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Today (26 August 2015) has truly been a Yemen day at the TRC. It was not the intention, it just happened that way. The morning was dedicated to a Wednesday Workshop about Yemeni embroidery. There were fourteen people in the group with Dr. Gillian Vogelsang-Eastwood as the lecturer. The workshop started with an in-depth look at the embroidery in the TRC's current exhibition about clothing and jewellery from Yemen. There then followed a practical session looking at the use of chain stitch and many variations of this stitch for embroidering various types of Yemeni clothing, especially for women. Different types of ground materials, cotton embroidery threads and even needles were used to create various patterns found on one particular garment. During the practical there was also a short talk about Jewish embroidery and embroiderers in Yemen and Israel (post-1948). The workshop produced some surprising results, as many of those present had not realised there were so many forms of the chain stitch!

The workshop finished at 13.00 and less than an hour later there was a group from the Yemen Embassy, The Hague, including the Consul and the 2nd Secretary. There was a long discussion about how to preserve Yemeni culture given these unstettled times in the country and whether it would be possible to further build up the collection of Yemeni clothing and jewellery at the TRC, and to turn the TRC into an international centre for Yemeni dress and textiles. Lots to think about.

TRC volunteer Shelley Anderson’s Textile Moment took place during a recent batik workshop in Yogyakarta, Indonesia: “Batik is everywhere in this city, which has been called the cultural heart of Indonesia. While the shirts and dresses used for daily wear are factory produced, the patterns are based on traditional batik designs. A popular downtown department store offers batik demonstrations and sells supplies; young fashion designers here and in the capital Jakarta incorporate batik into their work.

Batik comes from two Javanese words which translate as ‘to write dots’. This wax resist dye technique was used in ancient Egypt, in China and India, and in Africa. A pattern is first drawn on the fabric. The same pattern is then redrawn with hot wax, applied either with a canting (a small piece of wood with a metal container with a spout attached) or a metal block stamp called a cap. The fabric is then dyed until the desired colour or colours are reached. The wax is removed, either by brushing or by boiling the cloth.

While batik may not have originated in Indonesia, it certainly developed into a highly respected art in Java. A pattern is first drawn on the fabric. The same pattern is then redrawn with hot wax, applied either with a canting (a small piece of wood with a metal container with a spout attached) or a metal block stamp called a cap. There were special batiks used in ceremonies for mothers-to-be, for new born babies, for a ritual when a baby took its first steps, and for the dead. The patterns and colours used in a batik showed one’s ethnicity and status. Certain batik patterns were reserved exclusively for royalty—and royal batiks were among the goods thrown into volcanoes during ceremonies to prevent eruptions. In 2009 UNESCO declared Indonesian batik a part of humanity’s intangible heritage. This textile has quite a history!”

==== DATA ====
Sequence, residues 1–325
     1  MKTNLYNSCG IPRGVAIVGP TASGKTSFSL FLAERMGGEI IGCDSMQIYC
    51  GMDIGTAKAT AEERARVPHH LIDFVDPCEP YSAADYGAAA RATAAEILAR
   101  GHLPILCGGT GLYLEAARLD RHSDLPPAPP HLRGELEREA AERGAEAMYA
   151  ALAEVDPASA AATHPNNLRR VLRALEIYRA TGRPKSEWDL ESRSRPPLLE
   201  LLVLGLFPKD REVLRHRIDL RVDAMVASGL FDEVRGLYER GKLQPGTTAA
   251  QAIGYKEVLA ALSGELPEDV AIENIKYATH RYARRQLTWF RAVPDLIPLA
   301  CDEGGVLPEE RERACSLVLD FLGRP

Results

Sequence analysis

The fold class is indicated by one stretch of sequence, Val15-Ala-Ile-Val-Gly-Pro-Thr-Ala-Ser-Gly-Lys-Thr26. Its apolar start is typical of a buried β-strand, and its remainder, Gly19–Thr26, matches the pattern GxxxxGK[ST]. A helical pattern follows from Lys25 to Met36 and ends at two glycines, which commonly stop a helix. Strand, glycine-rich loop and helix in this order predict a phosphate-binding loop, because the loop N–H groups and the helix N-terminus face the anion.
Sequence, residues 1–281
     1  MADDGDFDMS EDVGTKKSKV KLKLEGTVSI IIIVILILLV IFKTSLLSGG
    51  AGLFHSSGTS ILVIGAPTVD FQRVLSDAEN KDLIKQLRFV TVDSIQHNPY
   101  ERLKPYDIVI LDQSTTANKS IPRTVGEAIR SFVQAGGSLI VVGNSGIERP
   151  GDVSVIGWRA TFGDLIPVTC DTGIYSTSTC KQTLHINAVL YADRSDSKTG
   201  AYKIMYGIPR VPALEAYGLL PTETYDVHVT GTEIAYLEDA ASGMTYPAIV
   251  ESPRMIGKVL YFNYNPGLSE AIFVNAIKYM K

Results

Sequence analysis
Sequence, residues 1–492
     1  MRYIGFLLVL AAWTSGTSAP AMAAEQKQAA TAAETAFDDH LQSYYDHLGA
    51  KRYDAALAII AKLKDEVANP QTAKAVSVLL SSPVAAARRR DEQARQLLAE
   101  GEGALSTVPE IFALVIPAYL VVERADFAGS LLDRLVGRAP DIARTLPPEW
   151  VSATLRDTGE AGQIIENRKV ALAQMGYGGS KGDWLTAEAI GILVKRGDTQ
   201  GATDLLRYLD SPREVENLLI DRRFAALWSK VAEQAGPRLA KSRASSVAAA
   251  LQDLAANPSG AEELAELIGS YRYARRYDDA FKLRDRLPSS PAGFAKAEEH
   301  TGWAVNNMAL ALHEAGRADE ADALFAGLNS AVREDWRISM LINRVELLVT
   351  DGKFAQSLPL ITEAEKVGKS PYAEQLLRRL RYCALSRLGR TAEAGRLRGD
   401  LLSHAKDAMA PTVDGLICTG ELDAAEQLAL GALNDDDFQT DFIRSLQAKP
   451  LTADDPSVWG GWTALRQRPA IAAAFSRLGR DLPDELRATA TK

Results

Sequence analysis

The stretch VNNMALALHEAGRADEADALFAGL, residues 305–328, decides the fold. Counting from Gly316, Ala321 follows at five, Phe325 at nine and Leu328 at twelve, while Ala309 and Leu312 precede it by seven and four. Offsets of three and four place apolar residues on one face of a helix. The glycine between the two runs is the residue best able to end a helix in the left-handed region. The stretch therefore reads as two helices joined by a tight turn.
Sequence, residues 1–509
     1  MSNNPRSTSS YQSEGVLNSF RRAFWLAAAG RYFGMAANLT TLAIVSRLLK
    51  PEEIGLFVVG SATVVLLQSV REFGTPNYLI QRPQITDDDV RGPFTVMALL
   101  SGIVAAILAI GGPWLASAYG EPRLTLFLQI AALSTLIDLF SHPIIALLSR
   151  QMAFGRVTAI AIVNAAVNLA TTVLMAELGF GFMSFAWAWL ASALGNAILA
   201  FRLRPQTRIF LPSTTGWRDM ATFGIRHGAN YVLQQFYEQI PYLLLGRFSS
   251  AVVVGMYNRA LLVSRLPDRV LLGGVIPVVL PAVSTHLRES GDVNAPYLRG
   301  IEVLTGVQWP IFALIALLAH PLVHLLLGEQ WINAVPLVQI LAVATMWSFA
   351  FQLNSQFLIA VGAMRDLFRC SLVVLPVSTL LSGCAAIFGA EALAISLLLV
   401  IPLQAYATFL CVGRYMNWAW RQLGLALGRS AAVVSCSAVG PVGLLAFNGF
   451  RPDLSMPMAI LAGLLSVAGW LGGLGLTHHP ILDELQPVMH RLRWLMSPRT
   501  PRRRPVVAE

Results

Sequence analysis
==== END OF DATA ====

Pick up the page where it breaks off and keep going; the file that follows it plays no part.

8 August 2015

Photos:

  1. Wife of the Sultan of Yogyakarta giving a speech dressed in batik.
  2. Examples of royal batik from the Kraton (Palace) in Yogyakarta.
  3. Batik demonstration at local department store.
  4. Batik supplies for sale in department store

Wife of the Sultan of Yogyakarta giving a speech, dressed in batik.Wife of the Sultan of Yogyakarta giving a speech, dressed in batik.

Examples of royal batik from the kraton (palace) in YogyakartaExamples of royal batik from the kraton (palace) in Yogyakarta

Batik demonstration at local department storeBatik demonstration at local department store

Batik supplies for sale in department storeBatik supplies for sale in department store

 

Henri Matisse, La femme au luth (1949-1950)Henri Matisse, La femme au luth (1949-1950)TRC volunteer Shelley Anderson had a textile moment recently at an exhibition on the work of painter Henri Matisse: “The French painter Henri Matisse (1869-1954) was an avid textile collector, perhaps as a result of being born in the textile town of La Cateau-Cambrésis. He often painted textiles in his works in great detail, like the beautiful table cloths in The Red Room (1908) or Still Life with Blue Tablecloth (1909). He also collected fabrics which he would have made into costumes for his models to pose in, such as a silk and cotton skirt modeled by Lydia Delectorskaya in the painting Femme en bleu (1937). He also made many sketches of a Romanian blouse whose embroidery fascinated him. The exhibition of Matisse’s work at the Stedelijk Museum (Amsterdam, the Netherlands) also displayed a costume made from felt that he designed for the ballet Le chant du rossignolc (1920) and several tapestries based on his paintings (La Femme au Luth, 1949-1950, by Gorbelins, Paris). As part of his design for his famous Chapel of the Rosary in Vence, France, he designed not only the stain glass windows and wall paintings, but also the chasubles for the priest. It was a delight to learn how this versatile genius also loved textiles.”

8 August 2015